The seats in Group A, where primaries will run in full with no interference from headquarters, are surprisingly not all the dregs of CHP support. Districts like Edirne and Kırklareli in the northwest are genuine strongholds, and the party is competitive in Balıkesir, Manisa and Ordu. But Nevşehir and Konya are far less likely to go the CHP’s way and you could argue a primary saves the leadership the bother of having to pick candidates destined to lose.

Not entirely prepared to relinquish control in some provinces

The most confusing group is C, where primaries have been happening in recent weeks but the leadership holds an effective veto over the outcome. These include coastal towns like Adana, Mersin and Trabzon where the CHP needs to make solid gains in the coming election. Perhaps the leadership isn’t quite prepared to entirely relinquish control here.

Group D is mostly made up of seats in the east, where the left-wing vote largely goes to the pro-Kurdish HDP. But it is a surprise to see Eskişehir – a Central Anatolian town with a CHP mayor – here.

How will they vote?

CHP members living in Group A, B or C districts who have been registered members of the party since 31 December 2014 will be eligible to take part in a primary on Sunday.

They will vote by putting a mark next to their preferred candidate. They can vote for as many candidates as there are spaces available in their district, but must vote for at least half of them.

In Izmir’s second district primary, for example, where there are 80 candidates including Mr Kılıçdaroğlu, members can vote for up to 10 candidates but must put a mark next to at least five. Ballots containing too few or too many votes will be invalid.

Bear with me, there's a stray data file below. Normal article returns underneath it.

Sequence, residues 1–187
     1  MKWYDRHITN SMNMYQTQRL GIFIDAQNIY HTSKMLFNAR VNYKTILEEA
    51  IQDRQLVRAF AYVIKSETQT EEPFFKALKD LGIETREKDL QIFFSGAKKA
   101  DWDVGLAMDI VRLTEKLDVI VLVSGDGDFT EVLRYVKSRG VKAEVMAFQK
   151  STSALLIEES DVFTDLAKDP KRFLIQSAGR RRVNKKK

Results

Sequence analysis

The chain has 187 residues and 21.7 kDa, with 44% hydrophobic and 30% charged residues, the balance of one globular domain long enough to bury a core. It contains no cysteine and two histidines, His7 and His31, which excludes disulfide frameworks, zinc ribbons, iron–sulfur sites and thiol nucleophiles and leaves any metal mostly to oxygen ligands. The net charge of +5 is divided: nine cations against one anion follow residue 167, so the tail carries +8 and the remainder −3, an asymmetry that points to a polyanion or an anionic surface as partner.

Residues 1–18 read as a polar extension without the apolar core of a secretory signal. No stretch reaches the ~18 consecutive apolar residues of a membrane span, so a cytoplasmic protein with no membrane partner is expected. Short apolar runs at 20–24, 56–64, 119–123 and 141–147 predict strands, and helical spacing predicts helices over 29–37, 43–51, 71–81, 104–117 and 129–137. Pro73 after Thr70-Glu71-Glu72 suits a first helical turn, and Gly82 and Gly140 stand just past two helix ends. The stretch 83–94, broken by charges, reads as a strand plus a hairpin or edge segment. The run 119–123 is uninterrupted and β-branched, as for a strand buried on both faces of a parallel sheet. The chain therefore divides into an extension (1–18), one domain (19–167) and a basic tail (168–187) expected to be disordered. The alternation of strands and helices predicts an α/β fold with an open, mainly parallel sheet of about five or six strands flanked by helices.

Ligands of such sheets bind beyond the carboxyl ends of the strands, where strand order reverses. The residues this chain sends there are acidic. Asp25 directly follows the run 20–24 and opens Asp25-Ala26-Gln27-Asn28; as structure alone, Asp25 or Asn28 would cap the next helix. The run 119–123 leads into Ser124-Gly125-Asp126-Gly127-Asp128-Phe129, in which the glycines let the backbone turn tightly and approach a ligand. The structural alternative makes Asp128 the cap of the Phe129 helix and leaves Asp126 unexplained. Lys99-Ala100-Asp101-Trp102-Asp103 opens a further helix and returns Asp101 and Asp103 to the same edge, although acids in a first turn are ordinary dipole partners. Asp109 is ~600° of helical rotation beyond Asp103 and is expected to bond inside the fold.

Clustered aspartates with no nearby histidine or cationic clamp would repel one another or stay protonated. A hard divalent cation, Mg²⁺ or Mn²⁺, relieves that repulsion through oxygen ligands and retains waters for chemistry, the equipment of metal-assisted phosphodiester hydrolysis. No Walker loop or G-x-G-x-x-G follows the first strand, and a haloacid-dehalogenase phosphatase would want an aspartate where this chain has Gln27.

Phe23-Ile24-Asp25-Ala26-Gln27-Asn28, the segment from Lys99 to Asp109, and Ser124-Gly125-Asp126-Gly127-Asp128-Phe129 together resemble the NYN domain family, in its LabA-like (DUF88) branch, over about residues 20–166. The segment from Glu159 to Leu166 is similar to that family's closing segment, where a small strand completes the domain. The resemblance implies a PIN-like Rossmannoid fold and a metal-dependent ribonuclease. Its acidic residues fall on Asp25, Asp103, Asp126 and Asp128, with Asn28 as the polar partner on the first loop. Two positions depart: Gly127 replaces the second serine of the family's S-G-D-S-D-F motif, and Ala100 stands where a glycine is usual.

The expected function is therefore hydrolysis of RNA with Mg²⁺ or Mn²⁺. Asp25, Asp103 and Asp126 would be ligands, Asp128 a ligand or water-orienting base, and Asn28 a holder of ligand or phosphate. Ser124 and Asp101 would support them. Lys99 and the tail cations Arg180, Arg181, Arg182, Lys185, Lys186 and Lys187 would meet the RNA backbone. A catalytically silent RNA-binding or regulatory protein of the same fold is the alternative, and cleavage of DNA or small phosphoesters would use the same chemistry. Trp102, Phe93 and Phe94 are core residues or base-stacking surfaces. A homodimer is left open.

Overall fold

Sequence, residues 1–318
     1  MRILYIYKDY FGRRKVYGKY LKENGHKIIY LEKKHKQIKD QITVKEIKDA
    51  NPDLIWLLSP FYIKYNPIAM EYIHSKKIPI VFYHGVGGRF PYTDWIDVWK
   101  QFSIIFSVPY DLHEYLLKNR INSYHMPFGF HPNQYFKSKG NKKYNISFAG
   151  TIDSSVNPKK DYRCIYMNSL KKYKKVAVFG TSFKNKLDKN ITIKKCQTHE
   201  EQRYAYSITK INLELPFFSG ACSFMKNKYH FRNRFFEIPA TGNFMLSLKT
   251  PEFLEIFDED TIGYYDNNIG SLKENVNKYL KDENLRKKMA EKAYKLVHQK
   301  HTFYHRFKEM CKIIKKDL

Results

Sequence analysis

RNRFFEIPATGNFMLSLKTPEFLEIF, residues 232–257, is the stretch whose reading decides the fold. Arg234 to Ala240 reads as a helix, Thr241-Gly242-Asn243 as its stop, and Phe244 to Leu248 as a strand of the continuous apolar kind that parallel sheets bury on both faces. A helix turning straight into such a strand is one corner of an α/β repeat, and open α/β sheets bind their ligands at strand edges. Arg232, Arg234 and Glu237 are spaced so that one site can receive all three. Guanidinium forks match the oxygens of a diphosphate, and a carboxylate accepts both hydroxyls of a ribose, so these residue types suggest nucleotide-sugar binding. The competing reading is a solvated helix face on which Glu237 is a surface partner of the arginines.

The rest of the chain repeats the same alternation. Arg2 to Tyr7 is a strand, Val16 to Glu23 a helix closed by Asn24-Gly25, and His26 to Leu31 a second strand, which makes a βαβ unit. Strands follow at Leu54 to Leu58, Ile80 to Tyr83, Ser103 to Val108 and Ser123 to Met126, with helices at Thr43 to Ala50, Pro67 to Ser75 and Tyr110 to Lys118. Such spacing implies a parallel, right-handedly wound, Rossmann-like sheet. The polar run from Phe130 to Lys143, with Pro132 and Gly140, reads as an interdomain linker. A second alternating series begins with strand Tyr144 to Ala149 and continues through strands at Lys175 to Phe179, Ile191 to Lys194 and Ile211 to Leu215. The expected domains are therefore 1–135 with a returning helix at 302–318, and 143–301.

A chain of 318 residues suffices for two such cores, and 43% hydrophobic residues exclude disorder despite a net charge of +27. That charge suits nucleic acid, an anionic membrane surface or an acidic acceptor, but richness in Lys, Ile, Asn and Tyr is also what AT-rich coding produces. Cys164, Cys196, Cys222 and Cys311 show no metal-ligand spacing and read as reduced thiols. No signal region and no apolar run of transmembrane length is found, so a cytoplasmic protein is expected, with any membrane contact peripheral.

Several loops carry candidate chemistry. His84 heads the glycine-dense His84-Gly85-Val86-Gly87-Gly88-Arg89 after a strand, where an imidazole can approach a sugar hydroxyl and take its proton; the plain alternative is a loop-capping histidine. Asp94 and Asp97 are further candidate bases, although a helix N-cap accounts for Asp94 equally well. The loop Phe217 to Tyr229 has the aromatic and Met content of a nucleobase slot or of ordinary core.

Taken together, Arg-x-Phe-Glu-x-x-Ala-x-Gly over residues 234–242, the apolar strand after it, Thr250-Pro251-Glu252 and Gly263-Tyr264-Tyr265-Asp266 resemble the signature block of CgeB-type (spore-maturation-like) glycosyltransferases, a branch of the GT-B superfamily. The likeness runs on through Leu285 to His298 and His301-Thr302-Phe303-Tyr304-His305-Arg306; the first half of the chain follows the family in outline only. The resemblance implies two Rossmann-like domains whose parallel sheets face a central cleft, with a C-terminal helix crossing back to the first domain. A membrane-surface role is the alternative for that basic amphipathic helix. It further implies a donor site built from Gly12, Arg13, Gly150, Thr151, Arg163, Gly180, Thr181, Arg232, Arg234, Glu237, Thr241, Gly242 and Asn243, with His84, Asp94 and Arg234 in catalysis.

Heavyweights in contention

Clearly, the CHP leadership has been loath to relinquish control of all its winnable seats to primaries at once. But this is still a genuine attempt to open the party up to its members. Mr Kılıçdaroğlu’s decision to run for a primary slot himself is a strong endorsement of the system.

Only example of mass democracy in a Turkish party this century

What’s more, Mr Kılıçdaroğlu has insisted the number 1 slot in each of Istanbul, Ankara and Izmir’s electoral districts are reserved for women. That will make him the only leader not to top his own party’s candidate list.

And the number of party heavyweights putting themselves forward to primaries shows the system has appeal. Mr Kılıçdaroğlu’s predecessor as leader, the dogmatic Deniz Baykal, has put his name forward in his native Antalya. Mustafa Sarıgül, the defeated mayoral candidate in Istanbul last year, is running in Istanbul’s second district, while the party’s 78-year-old former general secretary Önder Sav has put himself forward in Ankara.

This weekend’s primaries are a sea change in the way Turkey’s main opposition party functions. Giving its three quarters of its 1 million members the chance to pick their own parliamentary candidates is the only example of mass democracy seen in a Turkish party this century.

The move won’t propel the CHP into government as quickly as this summer, but it will make the party more open, accountable and – crucially – electable in the future. Watch this space.